"I promise, this car here will take you to California and back." that's what the man at the dealership told Starlee when she was looking for something to take her to and from work every night. She should have known he was lying. He just wanted the five grand she had in her hand. Star wasn't dumb. She knew she wasn't going to be able to get a shiny, fancy, brand new car. She had only been released from Bryce about twelve weeks ago, had little money to her name, and she was pretty sure her credit score what a whomping zero. An old used car was all she could afford, but it was better than nothing. She was hoping she could get something reliable to last her until she was on her feet enough to get something just a little bit better. She trusted the balding man in the tweed suit and slapped her money down. It drove okay for the first week, but then everything seemed to just go wrong.
Starlee didn't know much when it came to cars. Her father was busy running Fairhope when she turned sixteen, and her mother was busy being a trophy wife. The only thing Star knew was how to put gas into it. Other than that, she was getting by on a wing and a prayer. Her parents died just after she got her first car, she didn't know what certain sounds meant and which were good and which were bad. It wasn't long after she drove the Chevy Cruise off the lot that the windows refused to go down. Luckily for Starlee, the AC didn't work when she got the car. Summer's in Alabama was a little unforgiving and Star was convinced she was going to die from a heat stroke if she didn't get some moving air in her little sedan. Just when she thought it couldn't get any worst, it started making the most terrifying sounds.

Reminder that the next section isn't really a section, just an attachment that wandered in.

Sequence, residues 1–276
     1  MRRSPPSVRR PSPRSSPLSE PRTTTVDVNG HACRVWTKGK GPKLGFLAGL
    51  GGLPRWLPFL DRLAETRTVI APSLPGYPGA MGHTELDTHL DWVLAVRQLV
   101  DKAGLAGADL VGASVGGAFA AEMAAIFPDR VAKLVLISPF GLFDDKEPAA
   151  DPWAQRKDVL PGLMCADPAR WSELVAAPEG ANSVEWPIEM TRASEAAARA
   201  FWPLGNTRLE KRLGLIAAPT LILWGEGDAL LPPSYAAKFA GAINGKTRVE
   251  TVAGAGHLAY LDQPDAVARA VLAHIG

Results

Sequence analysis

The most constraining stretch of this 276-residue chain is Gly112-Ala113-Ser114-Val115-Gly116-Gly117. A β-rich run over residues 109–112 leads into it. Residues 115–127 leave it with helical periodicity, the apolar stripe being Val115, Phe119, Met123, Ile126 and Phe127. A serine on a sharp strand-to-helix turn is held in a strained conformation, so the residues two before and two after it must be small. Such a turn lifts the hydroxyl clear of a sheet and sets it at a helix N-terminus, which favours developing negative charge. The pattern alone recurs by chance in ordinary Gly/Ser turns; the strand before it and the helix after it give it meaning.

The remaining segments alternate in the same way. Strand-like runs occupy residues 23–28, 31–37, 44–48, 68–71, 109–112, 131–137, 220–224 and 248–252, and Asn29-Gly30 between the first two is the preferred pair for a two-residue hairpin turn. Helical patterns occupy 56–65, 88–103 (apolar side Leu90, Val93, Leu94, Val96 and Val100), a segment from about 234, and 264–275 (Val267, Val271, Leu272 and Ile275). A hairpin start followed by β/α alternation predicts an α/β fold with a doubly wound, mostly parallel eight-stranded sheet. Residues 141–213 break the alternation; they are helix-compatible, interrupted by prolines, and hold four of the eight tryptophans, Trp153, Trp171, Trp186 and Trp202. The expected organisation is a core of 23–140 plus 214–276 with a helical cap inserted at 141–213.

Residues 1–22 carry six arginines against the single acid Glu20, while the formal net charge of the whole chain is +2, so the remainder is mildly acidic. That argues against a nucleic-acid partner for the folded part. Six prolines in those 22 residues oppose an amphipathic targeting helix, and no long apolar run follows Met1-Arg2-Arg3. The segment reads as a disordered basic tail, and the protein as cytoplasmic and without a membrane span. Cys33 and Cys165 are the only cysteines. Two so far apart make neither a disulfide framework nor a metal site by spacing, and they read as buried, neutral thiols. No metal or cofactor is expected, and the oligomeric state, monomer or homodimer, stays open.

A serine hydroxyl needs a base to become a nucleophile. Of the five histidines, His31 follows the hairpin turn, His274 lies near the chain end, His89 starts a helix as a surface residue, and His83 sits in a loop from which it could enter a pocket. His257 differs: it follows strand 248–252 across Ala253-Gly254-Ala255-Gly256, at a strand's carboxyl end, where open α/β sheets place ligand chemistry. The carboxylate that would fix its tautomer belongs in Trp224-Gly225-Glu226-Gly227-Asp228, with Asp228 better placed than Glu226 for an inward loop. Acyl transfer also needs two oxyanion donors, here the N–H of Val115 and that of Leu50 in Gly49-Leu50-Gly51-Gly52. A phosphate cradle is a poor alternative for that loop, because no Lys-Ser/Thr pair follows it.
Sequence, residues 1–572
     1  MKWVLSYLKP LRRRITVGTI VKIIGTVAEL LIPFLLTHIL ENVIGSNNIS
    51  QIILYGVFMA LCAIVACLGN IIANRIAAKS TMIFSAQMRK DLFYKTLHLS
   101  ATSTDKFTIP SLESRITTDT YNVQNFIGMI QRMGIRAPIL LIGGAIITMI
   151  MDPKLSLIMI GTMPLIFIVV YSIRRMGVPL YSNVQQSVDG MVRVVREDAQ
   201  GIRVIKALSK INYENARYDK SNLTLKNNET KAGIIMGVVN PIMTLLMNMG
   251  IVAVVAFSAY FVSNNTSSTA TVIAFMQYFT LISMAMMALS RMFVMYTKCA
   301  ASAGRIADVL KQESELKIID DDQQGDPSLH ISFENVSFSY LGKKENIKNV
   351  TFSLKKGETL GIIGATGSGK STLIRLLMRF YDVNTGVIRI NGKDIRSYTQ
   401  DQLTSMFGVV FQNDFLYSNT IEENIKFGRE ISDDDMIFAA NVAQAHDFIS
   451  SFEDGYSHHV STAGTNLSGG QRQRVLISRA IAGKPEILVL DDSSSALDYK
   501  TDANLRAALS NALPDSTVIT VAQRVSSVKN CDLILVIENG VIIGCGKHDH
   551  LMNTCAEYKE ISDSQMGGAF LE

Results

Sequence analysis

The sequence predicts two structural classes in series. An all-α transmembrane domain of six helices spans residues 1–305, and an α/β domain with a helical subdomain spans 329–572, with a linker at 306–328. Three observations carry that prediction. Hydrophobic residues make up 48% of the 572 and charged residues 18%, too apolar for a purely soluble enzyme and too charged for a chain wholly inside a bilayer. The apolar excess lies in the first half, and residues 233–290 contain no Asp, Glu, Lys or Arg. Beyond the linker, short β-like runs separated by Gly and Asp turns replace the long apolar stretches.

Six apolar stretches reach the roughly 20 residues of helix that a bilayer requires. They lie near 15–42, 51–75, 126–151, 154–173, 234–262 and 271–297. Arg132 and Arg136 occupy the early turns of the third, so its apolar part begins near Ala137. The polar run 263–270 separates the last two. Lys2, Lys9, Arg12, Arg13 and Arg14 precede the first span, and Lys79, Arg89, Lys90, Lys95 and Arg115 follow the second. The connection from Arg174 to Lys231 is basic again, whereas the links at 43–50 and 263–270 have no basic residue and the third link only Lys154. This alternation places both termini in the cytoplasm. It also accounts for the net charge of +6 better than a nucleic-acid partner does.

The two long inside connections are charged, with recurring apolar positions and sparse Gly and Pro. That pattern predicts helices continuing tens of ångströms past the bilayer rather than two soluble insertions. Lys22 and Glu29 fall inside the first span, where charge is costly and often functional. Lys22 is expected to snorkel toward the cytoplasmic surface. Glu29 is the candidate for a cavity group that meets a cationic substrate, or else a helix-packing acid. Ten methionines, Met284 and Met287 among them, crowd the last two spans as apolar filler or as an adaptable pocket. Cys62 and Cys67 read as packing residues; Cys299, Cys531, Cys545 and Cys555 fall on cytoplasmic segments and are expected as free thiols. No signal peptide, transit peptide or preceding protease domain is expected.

Starlee sat in the driver's seat of her car, her hand slamming repeatedly on the steering wheel. The car had gas but for some reason was having trouble turning over. Finally, by the grace of God, the damn thing started. She drove in the direction of the only garage that she knew Fairhope had. As she drove the loudest grinding noise seemed the emanate from the hearing of the piece of junk. It felt like every person she drove by looked at her, offended by the loudness that came from her hunk of metal. When Star tried to turn the radio up to drown out the noise, she couldn't help but laugh when the knob popped off in her hand. She threw it down in the passenger seat, totally fed up at this point. She was considering just running it into a telephone pole and cutting her losses, but she was convinced the car would do more damage to the pole. That seemed to be her luck.
Finally, Starlee pulled into the garage. It was mid to late morning and was praying that the mechanic hadn't taken off for lunch. She parked her car and got out, slamming the door as hard she could and giving the front tire a kick for good measure. She walked through the open bay and looked around. "Hello. I'm looking for the superhuman who is going to fix up my luxury vehicle." She called out, as she stepped in deeper. Her hands slid into the back pockets of her jeans, her eyes scanning over the tools and equipment. Some things made her stop and lean forward to get a better look. Sometimes, Star was a little too curious for her good. She always blamed it on being institutionalized for ten years. It was her scapegoat and she was going to use it as much as possible. It got her out of situations, and away from sketchy people. ย
With a sigh, Starlee straightened up and looked around again. She did a little turn and spotted an office door on the opposite side of the garage. She stepped across the greasy, dirty floor without a single care. It only took a few seconds and she approached the door. Lifting her hand, she knocked three times and stepped back to wait for someone to, hopefully, answer the door.ย